• lauren-bird

How can I progress in my career when I have social anxiety? Help!

Q: I have social anxiety and I find it difficult to communicate to high authority figures in my workplace. I know this is holding me back from career progression. Is there anything I can do?


Lady Gaga – renowned artist, Marcus Morris – successful basketball player, Oprah Winfrey- Actress and Producer, all individuals with social anxiety that have succeeded in their career. I get it, you see high authority figures and think of loud, confident people who can hold the attention of an entire room. It’s intimidating when that’s not who you are, but that doesn’t mean you can’t succeed and be the boss bitch that you are.


So, here is my advice for you.


1. Adapt your thoughts

I have anxiety myself so the dread of having to talk to authoritative figures at work without going red and stuttering and having to practise your speech before you strike up a conversation with them is completely relatable. Don’t allow your anxiety to put them on a pedestal. By doing this you’re essentially saying that can achieve better than you and disregarding your own worth. Remember they are people just like you and me with the same thoughts; Do I have leftover pasta in my fridge? What shall I watch on Netflix tonight?


2. Just because we’re quiet, doesn’t make us any less capable…

Everyone’s anxiety presents differently but for me, I am anxious in group settings but can carry a conversation on for days in a one-to-one setting and because of this, I really questioned my own ability to progress in my job. Especially when colleagues in a higher position would be required to attend regular group meetings and presentations. It wasn’t until I attended a meeting with the CEO where they discussed how to recognise the hard-working individuals that are quiet for progression that I realised people like me were understood.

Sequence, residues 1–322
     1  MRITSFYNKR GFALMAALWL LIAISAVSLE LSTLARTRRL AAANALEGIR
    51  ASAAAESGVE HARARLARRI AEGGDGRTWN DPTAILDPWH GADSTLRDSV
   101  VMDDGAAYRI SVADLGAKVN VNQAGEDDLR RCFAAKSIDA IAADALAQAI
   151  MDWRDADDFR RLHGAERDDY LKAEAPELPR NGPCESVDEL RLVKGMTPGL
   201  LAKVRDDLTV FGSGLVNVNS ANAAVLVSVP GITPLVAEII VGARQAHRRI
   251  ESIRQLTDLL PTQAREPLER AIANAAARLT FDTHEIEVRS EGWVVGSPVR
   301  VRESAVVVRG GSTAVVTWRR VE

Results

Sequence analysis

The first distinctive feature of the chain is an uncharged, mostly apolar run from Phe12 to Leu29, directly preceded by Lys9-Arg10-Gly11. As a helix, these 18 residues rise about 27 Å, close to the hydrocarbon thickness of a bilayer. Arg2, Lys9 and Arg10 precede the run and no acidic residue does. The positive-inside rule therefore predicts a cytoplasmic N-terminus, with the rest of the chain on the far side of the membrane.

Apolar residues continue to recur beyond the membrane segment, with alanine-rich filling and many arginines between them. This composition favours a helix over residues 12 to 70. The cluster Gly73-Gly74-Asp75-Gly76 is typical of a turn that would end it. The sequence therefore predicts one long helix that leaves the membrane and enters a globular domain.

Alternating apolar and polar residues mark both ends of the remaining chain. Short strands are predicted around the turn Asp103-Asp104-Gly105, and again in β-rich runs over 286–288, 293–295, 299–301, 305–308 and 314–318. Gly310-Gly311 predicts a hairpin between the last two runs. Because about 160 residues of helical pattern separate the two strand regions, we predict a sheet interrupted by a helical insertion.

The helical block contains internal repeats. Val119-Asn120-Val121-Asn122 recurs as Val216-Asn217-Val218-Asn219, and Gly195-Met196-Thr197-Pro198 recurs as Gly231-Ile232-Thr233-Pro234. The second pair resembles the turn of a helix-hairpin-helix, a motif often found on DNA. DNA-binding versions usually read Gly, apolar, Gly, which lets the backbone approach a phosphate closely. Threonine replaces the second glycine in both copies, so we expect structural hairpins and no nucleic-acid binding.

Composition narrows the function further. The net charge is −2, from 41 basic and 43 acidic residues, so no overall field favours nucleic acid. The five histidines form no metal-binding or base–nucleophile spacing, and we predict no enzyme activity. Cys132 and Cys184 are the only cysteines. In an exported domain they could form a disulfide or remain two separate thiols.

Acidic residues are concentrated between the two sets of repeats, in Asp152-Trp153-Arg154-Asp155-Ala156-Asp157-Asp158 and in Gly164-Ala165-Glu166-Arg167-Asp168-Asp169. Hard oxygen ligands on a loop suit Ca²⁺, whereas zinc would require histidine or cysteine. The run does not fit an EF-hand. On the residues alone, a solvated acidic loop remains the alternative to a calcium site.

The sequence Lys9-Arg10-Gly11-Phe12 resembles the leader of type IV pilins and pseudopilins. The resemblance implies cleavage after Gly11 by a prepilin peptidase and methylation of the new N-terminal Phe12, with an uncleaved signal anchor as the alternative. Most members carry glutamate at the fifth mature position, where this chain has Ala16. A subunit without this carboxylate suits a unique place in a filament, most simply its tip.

3. Be the person you are around your close friends and family.

Whenever I’m around strangers and feel reserved, I try to remember who I am with close friends and family and try to bring this to the table with work. Easier said than done, but if you can master this then the more comfortable you will feel at work to be yourself.


4. Is this the career you want to progress in?

If work progression at your workplace involves all the situations that someone with social anxiety might dread, such as regular groups meetings and presentations, consider whether you want this type of progression. There are lots of jobs out there that you can still have significant career progression in that are social anxiety friendly. Take these as an example:


5. If it is, what can you do about it?

If this is a dream job of yours that you want to progress in but feel unable to then there are many things that can help. Talk to HR – there are things that can be put in place to help relieve you of this anxiety. Take time away, if you are expected to have more meetings in one day that you can handle, you can organise your schedule so that it suits you. Get to know individuals on a one to one basis, this will help you feel more comfortable in group settings or consider choosing a location that you feel more at ease in.


Bird Talk xo



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